James Bond returns to the big screen today in the new film Skyfall, the third installment in the franchise reboot that began with 2006’s Casino Royale. While the press may be focusing on the high expectations of a Bond movie directed by Oscar-winner Sam Mendes, geeks are quietly celebrating the return of a kindred spirit to 007 continuity: the gadget-maker codenamed Q.

Like most recurring Bond characters, Q was inspired by several real persons that Bond creator Ian Fleming encountered during and after his time as a British intelligence operative during World War II. For example, when the character of Q first appears in Fleming’s sixth Bond novel, Dr. No, he’s identified as Major Boothroyd. He was named after Geoffrey Boothroyd, a British firearms expert who wrote to Fleming to criticize 007’s choice and use of weaponry in Fleming’s early novels.

Boothroyd wasn’t personally identified as Q, however, but simply as a member of Q Branch. Q Branch predates the appearance of Boothroyd, showing up in the first Bond novel, Casino Royale. The two would not become directly synonymous until much later in the series.

Q Branch (and Q himself) is often assumed to be shorthand for Quartermaster, as Q provides Bond with much of his professional materiel. That’s not entirely accurate, as the Q codename is a reference to another of Fleming’s real-life (and historically significant) spycraft experiences.


Get the answer.

The James Bond support character of Q was inspired in part by Charles Fraser-Smith, a real-life gadget-maker who built spy gear for British intelligence operatives during World War II. Fraser-Smith’s work included cameras disguised as cigarette lighters, hairbrushes that contained hidden saws, and steel mesh shoelaces that doubled as garrote wires. Fraser-Smith famously dubbed these items as Q gadgets, which prompted Fleming — who was aware of Fraser-Smith’s work — to name his own fictional spy’s gadget-maker Q.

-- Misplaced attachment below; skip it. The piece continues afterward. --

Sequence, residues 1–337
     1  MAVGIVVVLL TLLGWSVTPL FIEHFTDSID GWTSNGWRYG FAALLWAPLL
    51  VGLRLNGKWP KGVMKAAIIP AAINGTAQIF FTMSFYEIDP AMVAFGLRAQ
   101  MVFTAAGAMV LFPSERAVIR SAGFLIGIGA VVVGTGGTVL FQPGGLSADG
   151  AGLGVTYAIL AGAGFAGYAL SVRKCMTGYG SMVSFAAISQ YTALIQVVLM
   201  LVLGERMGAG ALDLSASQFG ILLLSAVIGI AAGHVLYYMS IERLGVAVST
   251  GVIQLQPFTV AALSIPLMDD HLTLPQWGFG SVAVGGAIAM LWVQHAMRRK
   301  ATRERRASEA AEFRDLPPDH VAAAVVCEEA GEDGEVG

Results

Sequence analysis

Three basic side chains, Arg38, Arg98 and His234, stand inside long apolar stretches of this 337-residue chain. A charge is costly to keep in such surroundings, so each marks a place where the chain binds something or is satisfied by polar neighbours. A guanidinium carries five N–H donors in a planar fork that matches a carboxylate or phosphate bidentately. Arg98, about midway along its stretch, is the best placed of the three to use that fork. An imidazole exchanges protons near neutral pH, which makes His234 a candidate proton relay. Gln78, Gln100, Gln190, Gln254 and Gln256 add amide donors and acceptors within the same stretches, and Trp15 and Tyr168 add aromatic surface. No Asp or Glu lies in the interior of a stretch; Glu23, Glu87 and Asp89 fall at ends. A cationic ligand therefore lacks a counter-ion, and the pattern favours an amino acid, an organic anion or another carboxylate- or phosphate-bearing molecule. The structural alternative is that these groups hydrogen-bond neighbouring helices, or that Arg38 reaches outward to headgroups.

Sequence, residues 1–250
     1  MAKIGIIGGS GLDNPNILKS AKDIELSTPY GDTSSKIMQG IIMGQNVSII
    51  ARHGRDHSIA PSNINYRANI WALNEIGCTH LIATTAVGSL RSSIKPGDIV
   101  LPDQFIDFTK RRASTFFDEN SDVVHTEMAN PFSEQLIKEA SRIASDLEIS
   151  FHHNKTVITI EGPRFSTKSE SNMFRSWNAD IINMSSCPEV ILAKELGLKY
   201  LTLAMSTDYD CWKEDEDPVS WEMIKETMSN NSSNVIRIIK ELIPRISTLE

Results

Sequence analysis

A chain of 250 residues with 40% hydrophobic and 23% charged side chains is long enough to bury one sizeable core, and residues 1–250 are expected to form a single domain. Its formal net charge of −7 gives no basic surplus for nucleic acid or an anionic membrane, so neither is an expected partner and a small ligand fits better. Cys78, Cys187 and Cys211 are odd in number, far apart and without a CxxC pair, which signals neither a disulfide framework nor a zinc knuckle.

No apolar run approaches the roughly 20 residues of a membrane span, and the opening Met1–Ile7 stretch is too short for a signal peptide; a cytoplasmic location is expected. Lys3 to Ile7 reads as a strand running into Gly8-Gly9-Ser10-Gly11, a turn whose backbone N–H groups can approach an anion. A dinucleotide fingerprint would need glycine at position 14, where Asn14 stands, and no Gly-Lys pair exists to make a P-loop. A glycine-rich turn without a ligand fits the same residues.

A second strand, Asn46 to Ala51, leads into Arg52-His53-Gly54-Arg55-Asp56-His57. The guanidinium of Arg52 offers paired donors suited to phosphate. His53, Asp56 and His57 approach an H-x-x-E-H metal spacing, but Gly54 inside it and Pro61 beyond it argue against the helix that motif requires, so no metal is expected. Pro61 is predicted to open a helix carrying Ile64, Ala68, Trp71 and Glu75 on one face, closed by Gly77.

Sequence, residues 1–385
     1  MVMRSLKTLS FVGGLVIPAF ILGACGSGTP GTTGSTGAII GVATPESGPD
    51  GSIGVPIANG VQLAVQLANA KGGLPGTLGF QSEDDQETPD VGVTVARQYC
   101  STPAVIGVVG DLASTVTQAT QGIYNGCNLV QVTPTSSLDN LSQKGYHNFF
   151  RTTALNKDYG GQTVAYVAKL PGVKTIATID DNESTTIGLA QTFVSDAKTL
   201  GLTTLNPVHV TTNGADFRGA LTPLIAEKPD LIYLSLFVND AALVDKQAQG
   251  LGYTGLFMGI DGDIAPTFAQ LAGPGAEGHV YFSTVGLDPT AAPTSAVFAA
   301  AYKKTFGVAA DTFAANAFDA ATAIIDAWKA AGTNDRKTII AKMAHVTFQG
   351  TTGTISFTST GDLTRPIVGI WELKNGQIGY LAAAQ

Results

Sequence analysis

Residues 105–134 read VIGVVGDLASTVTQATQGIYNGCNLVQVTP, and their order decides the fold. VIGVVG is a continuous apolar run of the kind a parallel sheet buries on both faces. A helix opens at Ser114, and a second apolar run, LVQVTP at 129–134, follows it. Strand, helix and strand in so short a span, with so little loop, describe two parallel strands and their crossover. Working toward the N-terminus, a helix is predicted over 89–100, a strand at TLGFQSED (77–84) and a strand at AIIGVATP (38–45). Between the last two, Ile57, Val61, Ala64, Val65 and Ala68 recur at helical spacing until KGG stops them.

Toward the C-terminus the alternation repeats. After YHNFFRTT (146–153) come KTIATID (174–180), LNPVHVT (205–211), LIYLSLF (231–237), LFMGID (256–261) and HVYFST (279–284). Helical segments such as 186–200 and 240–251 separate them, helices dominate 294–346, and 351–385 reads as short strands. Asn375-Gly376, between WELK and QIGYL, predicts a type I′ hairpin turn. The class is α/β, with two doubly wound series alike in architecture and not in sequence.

The Q gadget nickname wasn’t original to Fraser-Smith. He cribbed it from Britain’s Q-Ships, World War I naval battleships mocked up to appear as civilian freighters. This notion of disguising offensive equipment as relatively innocuous counterparts thus became synonymous with the Q prefix, at least in British intelligence circles. Fleming merely carried on the tradition in his own British spy franchise.

While a handful of actors have portrayed Q, the late Desmond Llewelyn is most identified with the gadgeteer after appearing as the character in 17 films over the course of 36 years. No matter what the latest Q, Ben Whishaw, brings to the role, he’ll be compared to Llewelyn’s version. Of course, the apparently callow Whishaw shouldn’t be assumed as inferior. After all, if Q has taught us anything, it’s that seemingly ineffectual items can conceal much more dangerous content.

That’s not just some savvy cinematic symmetry; it’s a cleverly concealed construct of Geek Trivia.